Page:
One especially, in his northern expedition, I cannot pass over with silence, who although he will not, dare not, say of his undertakings, as Cæsar of his Asian war, “Veni, vidi, vici,” knowing who works all his works for him ; nor shall we say of the enemy's multitude, what Captain Gam did of the French, being sent to spy out their numbers before the battle of Agincourt, that there were of them enough to kill, and enough to take, and enough to run away; yet of him and them both he and we may freely say, “It is nothing with the Lord to help, either with many, or with them that have no power.”

The war being divided, and it being impossible your excellency should be in every place of danger, according to your desire, the Lord was pleased to call you out personally unto two of the most hazardous, dangerous, and difficult undertakings;' where, besides the travel, labour, watching, heat and cold, by day and night, whereunto you were exposed, even the life of the meanest soldier in your army was not in more imminent danger than oftentimes was your own. And indeed, during your abode at the leaguer amongst us, in this only were our thoughts burdened with you,—that self-preservation was of no more weight in your counsels and undertakings. And I beseech you pardon my boldness, in laying before

you this expostulation of many thousands (if we may say to him who hath saved a kingdom what was sometime said unto a king), “Know you not that you are worth ten thousands of us? why should you quench such a light in Israel?"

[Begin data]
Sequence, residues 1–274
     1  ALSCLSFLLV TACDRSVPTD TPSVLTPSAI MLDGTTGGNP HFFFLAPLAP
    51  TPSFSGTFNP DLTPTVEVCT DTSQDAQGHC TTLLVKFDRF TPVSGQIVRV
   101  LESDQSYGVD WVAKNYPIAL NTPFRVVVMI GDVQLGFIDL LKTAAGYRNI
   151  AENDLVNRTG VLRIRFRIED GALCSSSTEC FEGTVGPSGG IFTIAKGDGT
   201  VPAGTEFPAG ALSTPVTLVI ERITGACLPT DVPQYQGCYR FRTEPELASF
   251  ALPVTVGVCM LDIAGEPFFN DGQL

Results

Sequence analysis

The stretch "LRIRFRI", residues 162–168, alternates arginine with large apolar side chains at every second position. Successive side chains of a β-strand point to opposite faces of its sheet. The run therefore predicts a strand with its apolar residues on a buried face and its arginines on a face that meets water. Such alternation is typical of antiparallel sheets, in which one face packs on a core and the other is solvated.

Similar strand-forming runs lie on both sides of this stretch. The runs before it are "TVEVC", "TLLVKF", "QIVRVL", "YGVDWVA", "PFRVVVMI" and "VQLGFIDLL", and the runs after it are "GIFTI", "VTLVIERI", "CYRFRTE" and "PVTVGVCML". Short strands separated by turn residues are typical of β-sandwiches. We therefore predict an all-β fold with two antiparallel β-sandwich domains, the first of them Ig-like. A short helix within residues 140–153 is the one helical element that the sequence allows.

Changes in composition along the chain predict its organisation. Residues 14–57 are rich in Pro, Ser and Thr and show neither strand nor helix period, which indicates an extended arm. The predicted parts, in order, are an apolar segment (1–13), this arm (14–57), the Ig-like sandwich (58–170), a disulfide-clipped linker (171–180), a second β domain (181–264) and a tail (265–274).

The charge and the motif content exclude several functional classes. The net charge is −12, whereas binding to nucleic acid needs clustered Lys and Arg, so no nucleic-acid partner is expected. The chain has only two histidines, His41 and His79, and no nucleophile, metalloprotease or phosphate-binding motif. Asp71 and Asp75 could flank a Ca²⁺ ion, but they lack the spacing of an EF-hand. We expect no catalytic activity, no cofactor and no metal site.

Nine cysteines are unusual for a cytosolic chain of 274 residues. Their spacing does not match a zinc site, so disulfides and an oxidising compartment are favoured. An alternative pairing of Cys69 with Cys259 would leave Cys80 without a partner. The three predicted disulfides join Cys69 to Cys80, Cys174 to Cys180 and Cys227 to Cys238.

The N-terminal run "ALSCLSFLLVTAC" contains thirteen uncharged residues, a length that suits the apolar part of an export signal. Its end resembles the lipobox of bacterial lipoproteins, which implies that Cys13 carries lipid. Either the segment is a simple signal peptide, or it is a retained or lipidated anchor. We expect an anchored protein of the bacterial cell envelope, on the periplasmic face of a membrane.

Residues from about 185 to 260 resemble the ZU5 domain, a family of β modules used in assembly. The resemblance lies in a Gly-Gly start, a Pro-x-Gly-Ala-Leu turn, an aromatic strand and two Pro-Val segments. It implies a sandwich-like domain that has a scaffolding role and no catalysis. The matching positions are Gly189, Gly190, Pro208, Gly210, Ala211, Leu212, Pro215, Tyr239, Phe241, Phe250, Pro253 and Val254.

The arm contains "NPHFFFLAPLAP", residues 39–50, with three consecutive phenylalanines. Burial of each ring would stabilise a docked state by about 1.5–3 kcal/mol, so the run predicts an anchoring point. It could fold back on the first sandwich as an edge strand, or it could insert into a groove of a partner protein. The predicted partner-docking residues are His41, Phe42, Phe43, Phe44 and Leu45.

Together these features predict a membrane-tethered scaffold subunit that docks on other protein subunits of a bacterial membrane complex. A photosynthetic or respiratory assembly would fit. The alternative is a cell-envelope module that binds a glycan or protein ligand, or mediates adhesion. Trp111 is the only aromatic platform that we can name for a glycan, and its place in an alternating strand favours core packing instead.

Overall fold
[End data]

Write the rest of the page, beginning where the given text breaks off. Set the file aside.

Sir, I account it among those blessings of Providence wherewith the days of my pilgrimage have been seasoned, that I had the happiness for a short season to attend your excellency, in the service of my master, Jesus Christ; as also, that I have this opportunity, in the name of many, to cast in my reipe into the kingdom's congratulations of your late successes. What thoughts concerning your person my breast is possessed withal, as in their storehouse they yield me delightful refreshment, so they shall not be drawn out, to the disturbance of your self-denial. The goings forth of my heart, in reference to your excellency, shall be chiefly to the Most High, that, being more than conqueror in your spiritual and temporal warfare, you may be long continued for a blessing to this nation, and all the people of God.



Your Excellency's